Another way of putting this is that there is a rising premium on people with a high “need for cognition.” Need for cognition, or NFC, is a scientific measure of intellectual curiosity. The drive to make sense of the world is a universal characteristic of human beings, but the world is divided into those who always seek out shortcuts and those who prefer to take the scenic route. Psychologists use a scale of NFC to distinguish between individuals who like their mental life to be as straightforward as possible and those who derive satisfaction and pleasure from intellectual challenges.
I’m going to assume that if you’re reading this, you have a reasonably high NFC, but here is a simple way to assess yourself, based on a questionnaire invented by the psychologists who first formulated the concept. Answer each question “true” or “false,” choosing the answer that most often applies to you (truthfully!):
1. I would prefer complex to simple problems.
2. I like to have the responsibility of handling a situation that requires a lot of thinking.
3. Thinking is not my idea of fun.
4. I would rather do something that requires little thought than something that is sure to challenge my thinking abilities.
5. I try to anticipate and avoid situations where there is a likely chance I will have to think in depth about something.
6. I find satisfaction in deliberating hard and for long hours.
7. I only think as hard as I have to.
8. I prefer to think about small, daily projects than long-term ones.
9. I like tasks that require little thought once I’ve learned them.
10. The idea of relying on thought to make my way to the top appeals to me.
11. I really enjoy a task that involves coming up with new solutions to problems.
12. Learning new ways to think doesn’t excite me very much.
13. I prefer my life to be filled with puzzles that I can’t solve.
14. The notion of thinking abstractly is appealing to me.
15. I would prefer a task that is intellectual, difficult, and important to one that is somewhat important but does not require much thought.
16. I feel relief rather than satisfaction after completing a task that required a lot of mental effort.
17. It’s enough for me that something gets the job done. I don’t care how or why it works.
18. I usually end up deliberating about issues even when they do not affect me personally.
If you answered “true” to most of the questions 1, 2, 6, 10, 11, 13, 14, 15, and 18 and “false” to most of the others, then the chances are you are higher in NFC than the average person.
People who are low in NFC are more likely to rely on others to explain things, or to fall back on cognitive heuristics, like agreeing with what everyone else seems to be saying. If you are high in NFC, you are more likely to actively seek out experiences and information that make you think, challenge your assumptions, and pose puzzles. You have a restless, inquiring mind, and you are constantly on the lookout for new intellectual journeys. Low NFC people are “cognitive misers” who seek to expend as little mental effort as they can get away with, whereas high NFC people positively enjoy “effortful cognitive activity”—they are the ones who read nonfiction books like this one or tingle with anticipation at the prospect of learning about a new idea.
That word “effortful” is important—a major concern of this book is that digital technologies are severing the link between effort and mental exploration. By making it easier for us to find answers, the Web threatens habits of deeper inquiry—habits that require patience and focused application. When you’re confident that you can find out anything you want on your smartphone, you may be less likely to make the effort to learn the kind of knowledge that might lead you to query the answer that comes at the top of a Google search. As we’ll see, there are those who argue that by releasing us from the need to use our memories, the Internet is allowing us to be more creative. But such claims fly in the face of everything scientists have learned about how the mind works.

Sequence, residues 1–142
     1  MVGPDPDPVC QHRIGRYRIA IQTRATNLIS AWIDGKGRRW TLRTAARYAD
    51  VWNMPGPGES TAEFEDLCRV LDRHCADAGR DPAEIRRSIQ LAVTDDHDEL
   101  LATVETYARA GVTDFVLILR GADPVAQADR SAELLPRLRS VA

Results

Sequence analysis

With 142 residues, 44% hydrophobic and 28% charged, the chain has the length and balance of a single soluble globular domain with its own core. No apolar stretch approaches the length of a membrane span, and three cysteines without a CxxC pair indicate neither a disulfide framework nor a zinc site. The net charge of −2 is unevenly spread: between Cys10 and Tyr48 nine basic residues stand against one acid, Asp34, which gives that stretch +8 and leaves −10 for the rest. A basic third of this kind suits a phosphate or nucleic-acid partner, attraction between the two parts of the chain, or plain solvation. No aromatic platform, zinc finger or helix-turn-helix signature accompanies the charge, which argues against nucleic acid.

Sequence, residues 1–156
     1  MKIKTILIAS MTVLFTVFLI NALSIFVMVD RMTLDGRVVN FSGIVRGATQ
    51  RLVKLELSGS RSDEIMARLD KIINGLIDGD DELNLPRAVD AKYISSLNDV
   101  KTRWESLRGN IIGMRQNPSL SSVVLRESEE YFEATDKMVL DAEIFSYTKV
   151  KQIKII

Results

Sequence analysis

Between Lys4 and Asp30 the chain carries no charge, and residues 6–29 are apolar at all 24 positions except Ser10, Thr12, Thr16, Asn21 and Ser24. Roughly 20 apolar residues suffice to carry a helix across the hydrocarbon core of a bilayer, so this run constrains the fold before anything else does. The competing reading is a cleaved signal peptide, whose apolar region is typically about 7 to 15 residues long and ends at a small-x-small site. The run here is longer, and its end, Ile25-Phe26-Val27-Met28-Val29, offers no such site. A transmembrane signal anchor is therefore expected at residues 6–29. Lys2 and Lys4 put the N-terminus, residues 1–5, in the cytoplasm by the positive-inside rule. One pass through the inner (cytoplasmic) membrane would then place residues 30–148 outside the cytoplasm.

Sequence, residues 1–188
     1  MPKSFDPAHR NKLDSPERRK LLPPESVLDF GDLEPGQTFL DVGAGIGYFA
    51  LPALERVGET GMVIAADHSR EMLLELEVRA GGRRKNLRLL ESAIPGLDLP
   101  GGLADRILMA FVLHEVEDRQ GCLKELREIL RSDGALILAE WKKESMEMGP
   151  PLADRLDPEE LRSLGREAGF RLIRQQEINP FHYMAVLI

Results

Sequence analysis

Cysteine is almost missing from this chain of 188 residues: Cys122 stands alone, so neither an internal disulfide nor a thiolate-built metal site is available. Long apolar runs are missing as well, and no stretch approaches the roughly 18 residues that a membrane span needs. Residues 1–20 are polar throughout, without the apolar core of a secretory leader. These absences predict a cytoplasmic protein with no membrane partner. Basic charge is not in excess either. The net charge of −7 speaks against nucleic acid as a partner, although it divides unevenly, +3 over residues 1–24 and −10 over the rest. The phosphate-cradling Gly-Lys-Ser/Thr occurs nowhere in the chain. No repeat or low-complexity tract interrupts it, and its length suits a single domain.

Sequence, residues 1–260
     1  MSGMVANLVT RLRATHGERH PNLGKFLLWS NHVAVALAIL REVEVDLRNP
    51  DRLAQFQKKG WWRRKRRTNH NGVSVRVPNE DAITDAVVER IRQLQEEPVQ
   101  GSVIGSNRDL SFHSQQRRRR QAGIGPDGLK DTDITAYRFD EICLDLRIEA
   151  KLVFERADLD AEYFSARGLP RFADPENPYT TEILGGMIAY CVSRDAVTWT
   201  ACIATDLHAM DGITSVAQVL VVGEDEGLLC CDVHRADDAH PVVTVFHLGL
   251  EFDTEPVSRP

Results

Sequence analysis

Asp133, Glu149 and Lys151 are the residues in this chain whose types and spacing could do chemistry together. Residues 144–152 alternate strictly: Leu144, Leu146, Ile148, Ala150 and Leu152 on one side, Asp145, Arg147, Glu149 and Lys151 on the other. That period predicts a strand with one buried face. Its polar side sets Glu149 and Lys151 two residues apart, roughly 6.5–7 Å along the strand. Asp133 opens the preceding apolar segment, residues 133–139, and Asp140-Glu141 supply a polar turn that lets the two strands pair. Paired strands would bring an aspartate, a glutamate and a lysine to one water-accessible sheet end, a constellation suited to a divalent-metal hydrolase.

Effort and pleasure can go together, of course. If you are high in NFC, you are probably good at solving problems for your employer, because you’re really solving them for yourself. Social scientists who study group behavior have observed a phenomenon they call “social loafing”—the widespread tendency of individuals to decrease their own effort when they start working collaboratively. When confident that others are working on the same problem, most people cut themselves some slack. But individuals who are high in need for cognition seem to form an exception to this rule; when given a cognitively challenging task to do in a group, they generate just as many different ideas as when working alone. They’re having fun.
If you scored high on the test, congratulations. Don’t let it go to your head, though. Just because you have a high NFC now doesn’t mean you’ll always have one—as John Lloyd can tell you. It’s true that some people are more disposed to be cognitively demanding of themselves than others. But the scientific literature on curiosity, while it disagrees on many things, agrees on this: a person’s curiosity is more state than trait. That is, our curiosity is highly responsive to the situation or environment we’re in. It follows that we can arrange our lives to stoke our curiosity or quash it.
Curiosity is vulnerable to benign neglect. As we grow older, we tend to become less active explorers of our mental environment, relying on what we’ve learned so far to see us through the rest of the journey. We can also become too preoccupied with the daily skirmishes of existence to take the time to pursue our interests. If you allow yourself to become incurious, your life will be drained of color, interest, and pleasure. You will be less likely to achieve your potential at work or in your creative life. While barely noticing it, you’ll become a little duller, a little dimmer. You may not think it could happen to you, but it can. It can happen to any of us. To stop it from happening, you need to understand what feeds curiosity and what starves it.
Excerpted from Curious: The Desire to Know and Why Your Future Depends On It by Ian Leslie. Available from Basic Books, a member of The Perseus Books Group. Copyright © 2014.